The disability balancing act

As many will know I have been making the most of the warmer, lighter, healthier summer months since about May by working hard (including external consultancy stuff), partying lots and visiting cool places. After the JTSMA conferences long weekend and going straight to work the Monday after I realised I needed a chill. So I really did not do much last weeks evenings until Friday. I celebrated Paul Carter from works birthday with other work mates and hit the sambuccas. However I slept soooooo much Saturday, did a massive shop, cleaned, sorted the post and got my head straight. Sunday I worked on the e-campaigning toolkit I am designing but still relaxed.

Having gone back to work yesterday and attended a little blogger meeting with Mark Borland and others from the Priority trust last night (doing great work getting wheelchairs for children – http://www.prioritytrust.org/) I have had some head space for thinking time. When it comes to my life I have tussled in the past with if/when my disability needed consideration and when it was irrelevant. I have also gone through this with new friends, when they comment on how they begin to forget I am disabled over time. I have this same debate with my blogs. I know that for many they like this site because I am a normal guy, doing normal things, despite my disability, and this is good for younger disabled kids and non disabled people. Disabled adults also like seeing some of the stuff I do but others prefer it when I get more political or highlight something being effected because I am disabled.

I generally try to just write as I feel. Generally its just my daily life, sometimes a hotel will mess up wheelchair access and other times I will commentate on broader disability news. I would love to have more feedback on which areas people want more on and what is interesting. As for today I can say I was reading loooaaads on the welfare reform being proposed, because I am hoping to support Scope’s employment services fund their projects. It hit me really hard how the assessments and cuts proposed for Disabled Living Allowance (DLA) will be detrimental for disabled people. Furthermore all of this is under the idea that ‘fraudsters’ are costing the economy so much, when in fact the numbers of false claimants are minimal. plus the cost to enforce these checks will be larger than the estimated fraud level – hinting at the fact the government want to cut the overall total claimants, potentially into the cohort of those who deserve the benefit.

This whole area is another balancing act around disability. I agree that more incentives are needed for people to work. I often have seen that I could not work and still gain the help to exist. For me I need to get out and keep my brain occupied. however because I work most means tested assistance for things I require due to my disability will be refused. I often go without, as running a 2 bedroom flat in London solo costs enough. forget me as i know working puts me in an ok position. what about the people that genuinely cant work, or would but find discrimination or inflexible working conditions? we need a way to understand a persons disability, but more so there ability, in a non intrusive way. then we need to support employers into understanding the needs of that person (instead of the all or nothing approach). finally having understood the person, supported employers and enabled many more disabled people to work, disabled people would require less support financially but in a way that is fair and not forced.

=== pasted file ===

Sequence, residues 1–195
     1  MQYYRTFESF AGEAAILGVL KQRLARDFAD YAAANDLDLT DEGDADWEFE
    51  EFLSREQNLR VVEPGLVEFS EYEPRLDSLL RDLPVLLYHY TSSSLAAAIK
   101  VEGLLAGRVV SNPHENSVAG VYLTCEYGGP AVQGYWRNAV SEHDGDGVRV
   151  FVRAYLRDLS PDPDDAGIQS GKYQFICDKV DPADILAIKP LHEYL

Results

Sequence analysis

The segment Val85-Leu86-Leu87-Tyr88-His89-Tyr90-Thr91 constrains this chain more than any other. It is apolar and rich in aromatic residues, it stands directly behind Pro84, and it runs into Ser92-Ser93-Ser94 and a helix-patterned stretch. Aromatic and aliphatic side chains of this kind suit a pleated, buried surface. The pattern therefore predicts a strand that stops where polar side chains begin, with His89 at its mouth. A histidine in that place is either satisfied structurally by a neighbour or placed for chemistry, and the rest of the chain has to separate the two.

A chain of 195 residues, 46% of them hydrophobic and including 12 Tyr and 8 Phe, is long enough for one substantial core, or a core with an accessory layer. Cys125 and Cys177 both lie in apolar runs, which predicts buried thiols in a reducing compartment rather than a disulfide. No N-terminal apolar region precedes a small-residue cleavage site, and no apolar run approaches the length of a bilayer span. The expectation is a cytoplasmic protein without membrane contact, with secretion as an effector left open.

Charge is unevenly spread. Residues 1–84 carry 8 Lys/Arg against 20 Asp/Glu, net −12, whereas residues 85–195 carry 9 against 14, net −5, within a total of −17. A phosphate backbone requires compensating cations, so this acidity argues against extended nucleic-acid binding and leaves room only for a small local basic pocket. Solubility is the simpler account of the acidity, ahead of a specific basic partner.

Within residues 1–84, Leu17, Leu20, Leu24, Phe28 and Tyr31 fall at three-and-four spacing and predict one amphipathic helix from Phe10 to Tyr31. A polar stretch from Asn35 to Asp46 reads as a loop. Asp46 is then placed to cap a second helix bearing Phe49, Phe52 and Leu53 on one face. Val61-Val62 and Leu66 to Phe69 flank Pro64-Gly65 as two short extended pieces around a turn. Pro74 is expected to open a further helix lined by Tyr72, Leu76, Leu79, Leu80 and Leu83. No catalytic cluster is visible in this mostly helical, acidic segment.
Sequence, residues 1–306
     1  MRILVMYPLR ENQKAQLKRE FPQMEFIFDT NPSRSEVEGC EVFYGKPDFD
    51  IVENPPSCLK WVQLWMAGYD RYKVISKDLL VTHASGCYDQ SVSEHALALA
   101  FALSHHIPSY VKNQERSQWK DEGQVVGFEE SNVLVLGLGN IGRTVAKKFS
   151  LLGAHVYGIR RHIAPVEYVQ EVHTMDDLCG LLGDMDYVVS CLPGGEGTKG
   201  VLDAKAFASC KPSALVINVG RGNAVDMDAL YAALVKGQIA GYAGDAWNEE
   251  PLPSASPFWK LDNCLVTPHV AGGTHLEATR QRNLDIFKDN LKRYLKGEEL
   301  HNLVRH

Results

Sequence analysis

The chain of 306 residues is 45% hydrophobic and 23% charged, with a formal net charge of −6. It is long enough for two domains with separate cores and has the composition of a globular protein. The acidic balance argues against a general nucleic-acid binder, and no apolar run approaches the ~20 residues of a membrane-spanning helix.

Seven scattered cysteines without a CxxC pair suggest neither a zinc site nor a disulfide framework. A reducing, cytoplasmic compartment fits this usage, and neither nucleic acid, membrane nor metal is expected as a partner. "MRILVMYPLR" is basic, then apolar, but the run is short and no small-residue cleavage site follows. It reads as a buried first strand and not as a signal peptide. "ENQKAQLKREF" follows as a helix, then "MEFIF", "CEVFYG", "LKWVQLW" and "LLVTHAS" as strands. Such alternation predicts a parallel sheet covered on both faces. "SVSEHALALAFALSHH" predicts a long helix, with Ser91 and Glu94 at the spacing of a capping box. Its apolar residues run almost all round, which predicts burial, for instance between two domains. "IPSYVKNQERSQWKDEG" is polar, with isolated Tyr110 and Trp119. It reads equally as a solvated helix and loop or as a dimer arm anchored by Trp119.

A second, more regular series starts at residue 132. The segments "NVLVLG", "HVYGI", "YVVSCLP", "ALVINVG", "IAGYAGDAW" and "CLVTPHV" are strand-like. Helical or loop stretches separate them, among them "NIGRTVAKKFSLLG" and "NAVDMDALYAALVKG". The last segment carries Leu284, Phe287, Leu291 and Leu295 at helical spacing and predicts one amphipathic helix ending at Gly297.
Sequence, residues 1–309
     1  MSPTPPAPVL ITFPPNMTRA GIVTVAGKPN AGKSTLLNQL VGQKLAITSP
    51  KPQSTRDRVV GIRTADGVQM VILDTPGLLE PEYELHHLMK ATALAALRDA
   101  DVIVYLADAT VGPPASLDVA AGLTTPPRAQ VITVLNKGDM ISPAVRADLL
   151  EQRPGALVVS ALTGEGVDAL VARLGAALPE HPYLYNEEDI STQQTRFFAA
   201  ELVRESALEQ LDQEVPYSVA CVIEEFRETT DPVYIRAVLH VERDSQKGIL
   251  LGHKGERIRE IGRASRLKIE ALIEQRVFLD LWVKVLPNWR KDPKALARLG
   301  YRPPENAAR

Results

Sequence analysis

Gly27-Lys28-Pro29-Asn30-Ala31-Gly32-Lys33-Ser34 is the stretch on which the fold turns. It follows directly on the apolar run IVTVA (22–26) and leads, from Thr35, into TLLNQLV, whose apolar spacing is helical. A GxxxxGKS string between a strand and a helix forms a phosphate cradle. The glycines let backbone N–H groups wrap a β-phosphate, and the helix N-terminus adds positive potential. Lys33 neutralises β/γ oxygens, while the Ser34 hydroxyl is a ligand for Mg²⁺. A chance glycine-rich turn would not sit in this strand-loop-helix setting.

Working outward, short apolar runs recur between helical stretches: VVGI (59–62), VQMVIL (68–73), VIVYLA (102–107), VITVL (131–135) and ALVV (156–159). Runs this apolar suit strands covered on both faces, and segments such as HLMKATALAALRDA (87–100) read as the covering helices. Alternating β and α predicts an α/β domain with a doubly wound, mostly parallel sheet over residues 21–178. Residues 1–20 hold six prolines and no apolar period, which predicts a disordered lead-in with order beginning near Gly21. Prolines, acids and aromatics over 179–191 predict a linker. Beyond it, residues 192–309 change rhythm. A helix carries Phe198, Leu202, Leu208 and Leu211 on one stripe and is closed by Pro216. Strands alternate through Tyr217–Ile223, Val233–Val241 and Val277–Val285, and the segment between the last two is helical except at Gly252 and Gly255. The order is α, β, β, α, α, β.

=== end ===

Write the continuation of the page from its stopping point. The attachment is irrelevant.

This will take time but the present option is branding many disabled people as lazy, forcing them to prove their disability and actually cornering disabled people into self prophecised unemployment – of the governments doing. with so few fraud cases, is this really the biggest drain on the economy? no, the short sightedness of the recent decisions are the cause. the whole choice to cut spending is a whole other debate i have as a keynsian fan, but if you are going to cut, do it sensibly. dont do it where you snowball a perceived problem to become worse and more costly. as disabled people feel the stress of assessments, lower incomes and lower enjoyment levels, mental health problems could kick in, adding newer costs.

It just seems whether on my perception of myself, how friends perceive me, how I blog and the big governmental decisions all require balance. Balance of acknowledging someone’s limitations and needs, investing in the areas that improve their life and allowing them to flourish and give far more back in ways that are different but just as valuable. sounds simple and to be honest it is. its the bureaucracy and red tape that confuses, adds costs and reduces welfare that is the problem, and the reason this world is so off balance when it comes to disability at times.

See what happens when I think!? Back to the fun stuff – I am actually flying a plane Saturday – video blog to come 😉

Receive Updates

No spam guarantee.

  • Diane Sibley

    Hey there,
    All the stuff you write about is interesting – good balance of serious and fun.
    But well said on the disability vs benefits issue – its a difficult situation, and made more so in a case like ME where doctors don't understand, there's no guidelines out there, and that some days we can walk a mile and another day we can barely get out of bed. I appreciate their problem in deciding if we are eligible for benefits, but there has to be a better way, as i know a vast majority of people with ME are turned down for their benefits on initial application, and so then have to go through appeal and tribunal hassles – not something you need when you have no energy and feel rubbish already – there must be a better way!!